Nintendo to unleash DSi in North America this April
Nintendo is a household name when it comes to portable consoles, and they certainly have come a long way since the glory days of the Game Boy (and the classic Game & Watch collection wayyyy back), moving on to upgraded versions of the Game Boy followed by the GBA – a revolution back in the day although it disappointed many (me included) with the lack of a backlit display. Never mind that, the GBA SP was up next, being the first portable Nintendo console that did not run on AA batteries but featured an integrated lithium ion battery instead. After that we had the DS line, where the Phat was the ugly pioneer followed by the sleek, sexy and wildly successful DS Lite. The next evolutionary step? Why, the DSi, of course!
While the Nintendo DSi has been announced since last year and have made quite a splash in its home country, Japan, in terms of sales, the rest of the world is still waiting. For folks who live in North America, it is time to get your party hats ready and mark April 5th on your calendars – Nintendo will be bringing the DSi to that part of the continent on that date at a recommended retail price of $169.99, roughly $10 cheaper compared to the $180 one would have to pay if one were living in Japan (after currency conversion, of course). The Nintendo DSi will be out in blue and black colors at first, and rest assured that Nintendo will release a myriad of other color choices in the near future as it has done with many of its previous handhelds.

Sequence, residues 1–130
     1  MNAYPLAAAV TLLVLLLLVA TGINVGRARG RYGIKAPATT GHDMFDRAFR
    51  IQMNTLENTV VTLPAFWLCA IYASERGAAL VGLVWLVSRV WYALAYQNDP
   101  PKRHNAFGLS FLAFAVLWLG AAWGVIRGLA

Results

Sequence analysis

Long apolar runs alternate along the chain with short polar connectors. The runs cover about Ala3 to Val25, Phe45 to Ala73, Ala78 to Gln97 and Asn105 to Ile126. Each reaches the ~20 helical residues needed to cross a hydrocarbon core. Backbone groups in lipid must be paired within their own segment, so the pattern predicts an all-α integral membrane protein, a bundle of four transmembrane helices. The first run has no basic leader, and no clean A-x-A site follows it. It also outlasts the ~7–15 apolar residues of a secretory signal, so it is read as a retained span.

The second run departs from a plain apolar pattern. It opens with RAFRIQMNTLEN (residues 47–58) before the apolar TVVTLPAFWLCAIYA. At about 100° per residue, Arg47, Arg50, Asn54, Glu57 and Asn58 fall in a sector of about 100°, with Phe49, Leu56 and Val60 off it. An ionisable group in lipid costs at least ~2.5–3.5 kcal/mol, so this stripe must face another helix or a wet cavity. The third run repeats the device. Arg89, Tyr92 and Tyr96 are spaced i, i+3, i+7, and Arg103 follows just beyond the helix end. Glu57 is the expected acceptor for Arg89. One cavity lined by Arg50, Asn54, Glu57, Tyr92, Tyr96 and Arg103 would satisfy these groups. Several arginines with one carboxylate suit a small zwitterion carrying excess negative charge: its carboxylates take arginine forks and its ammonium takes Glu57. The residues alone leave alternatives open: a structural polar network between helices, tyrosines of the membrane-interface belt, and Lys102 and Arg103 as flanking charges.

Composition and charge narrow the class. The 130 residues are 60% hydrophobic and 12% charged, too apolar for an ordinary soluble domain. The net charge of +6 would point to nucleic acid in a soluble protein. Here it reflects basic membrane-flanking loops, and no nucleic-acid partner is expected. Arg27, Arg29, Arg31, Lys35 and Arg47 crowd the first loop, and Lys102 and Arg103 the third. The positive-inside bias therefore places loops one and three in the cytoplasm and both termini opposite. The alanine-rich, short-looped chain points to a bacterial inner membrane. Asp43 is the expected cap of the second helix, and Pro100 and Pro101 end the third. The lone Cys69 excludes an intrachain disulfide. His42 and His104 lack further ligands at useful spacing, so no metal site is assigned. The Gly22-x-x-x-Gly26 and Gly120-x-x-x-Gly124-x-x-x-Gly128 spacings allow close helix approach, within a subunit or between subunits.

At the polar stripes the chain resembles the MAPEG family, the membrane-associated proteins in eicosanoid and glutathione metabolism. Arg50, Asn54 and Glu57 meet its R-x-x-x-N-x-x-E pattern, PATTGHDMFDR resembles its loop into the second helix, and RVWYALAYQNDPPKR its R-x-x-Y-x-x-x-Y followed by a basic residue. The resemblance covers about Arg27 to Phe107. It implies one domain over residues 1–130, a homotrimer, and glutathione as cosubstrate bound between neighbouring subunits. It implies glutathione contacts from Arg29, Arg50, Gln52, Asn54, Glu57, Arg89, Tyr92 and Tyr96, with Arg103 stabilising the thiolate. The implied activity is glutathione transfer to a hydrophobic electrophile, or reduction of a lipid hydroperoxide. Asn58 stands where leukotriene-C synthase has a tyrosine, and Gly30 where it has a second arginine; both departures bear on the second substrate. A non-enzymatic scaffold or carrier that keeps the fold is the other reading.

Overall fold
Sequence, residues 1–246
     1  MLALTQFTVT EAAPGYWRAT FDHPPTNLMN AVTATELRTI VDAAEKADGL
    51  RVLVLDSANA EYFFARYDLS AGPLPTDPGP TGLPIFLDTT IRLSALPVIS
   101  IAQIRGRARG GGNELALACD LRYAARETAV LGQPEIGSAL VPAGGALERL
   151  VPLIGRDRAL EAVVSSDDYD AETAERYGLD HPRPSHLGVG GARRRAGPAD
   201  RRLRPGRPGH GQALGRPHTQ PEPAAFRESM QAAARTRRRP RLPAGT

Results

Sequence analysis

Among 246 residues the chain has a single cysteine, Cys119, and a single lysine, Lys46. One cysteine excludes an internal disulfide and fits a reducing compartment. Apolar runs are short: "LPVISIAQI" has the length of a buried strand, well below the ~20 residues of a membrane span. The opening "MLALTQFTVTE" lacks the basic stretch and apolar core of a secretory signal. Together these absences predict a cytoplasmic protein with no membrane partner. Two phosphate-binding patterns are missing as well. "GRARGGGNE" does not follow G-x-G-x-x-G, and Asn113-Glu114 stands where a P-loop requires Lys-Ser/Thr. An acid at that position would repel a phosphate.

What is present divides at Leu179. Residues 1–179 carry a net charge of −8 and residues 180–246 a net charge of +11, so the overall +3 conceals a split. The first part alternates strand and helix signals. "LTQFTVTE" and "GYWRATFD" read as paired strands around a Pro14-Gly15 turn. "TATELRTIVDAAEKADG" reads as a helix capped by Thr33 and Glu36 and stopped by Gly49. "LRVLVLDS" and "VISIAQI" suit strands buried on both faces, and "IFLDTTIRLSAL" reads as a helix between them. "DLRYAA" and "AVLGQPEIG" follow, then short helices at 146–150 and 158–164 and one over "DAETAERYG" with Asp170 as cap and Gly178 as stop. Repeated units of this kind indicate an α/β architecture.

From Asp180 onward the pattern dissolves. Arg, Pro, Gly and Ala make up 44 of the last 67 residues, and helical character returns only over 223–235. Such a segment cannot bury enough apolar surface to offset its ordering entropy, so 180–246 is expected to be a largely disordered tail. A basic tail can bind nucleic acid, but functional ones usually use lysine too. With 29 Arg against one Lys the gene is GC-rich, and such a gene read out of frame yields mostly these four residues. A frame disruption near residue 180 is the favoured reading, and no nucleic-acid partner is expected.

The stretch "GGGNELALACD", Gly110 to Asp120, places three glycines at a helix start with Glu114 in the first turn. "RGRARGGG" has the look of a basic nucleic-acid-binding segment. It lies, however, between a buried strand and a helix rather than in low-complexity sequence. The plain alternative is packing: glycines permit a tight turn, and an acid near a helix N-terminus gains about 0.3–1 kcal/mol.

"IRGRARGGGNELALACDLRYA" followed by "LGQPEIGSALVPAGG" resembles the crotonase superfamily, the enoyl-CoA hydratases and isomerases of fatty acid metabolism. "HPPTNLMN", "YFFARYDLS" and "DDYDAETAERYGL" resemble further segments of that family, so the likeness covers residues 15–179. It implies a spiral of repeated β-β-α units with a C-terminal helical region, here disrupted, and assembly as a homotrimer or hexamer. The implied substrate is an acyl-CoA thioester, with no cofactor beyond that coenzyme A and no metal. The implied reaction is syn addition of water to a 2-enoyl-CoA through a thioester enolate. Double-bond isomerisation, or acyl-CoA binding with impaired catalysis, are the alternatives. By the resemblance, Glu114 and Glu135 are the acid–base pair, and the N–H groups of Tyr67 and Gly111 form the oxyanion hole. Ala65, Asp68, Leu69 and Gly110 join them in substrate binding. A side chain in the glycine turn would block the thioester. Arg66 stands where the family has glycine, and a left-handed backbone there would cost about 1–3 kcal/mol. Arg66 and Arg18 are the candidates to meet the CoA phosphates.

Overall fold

Just to recap, the DSi will come with dual cameras which can be used right out of the box. The most interesting thing that we look forward to would be the Nintendo DSi Shop – we hope that this platform will offer a wide range of relevant and fun on-the-go games as well as applications. The Nintendo DSiWare application will help keep your Nintendo DSi stocked with downloadable software straight onto the handheld using Nintendo DSi Points – somewhat akin to how Wii Points work for the home-based console. Both large and small developers are welcome to create software, and we hope that this will be as robust as Apple’s App Store in the long run.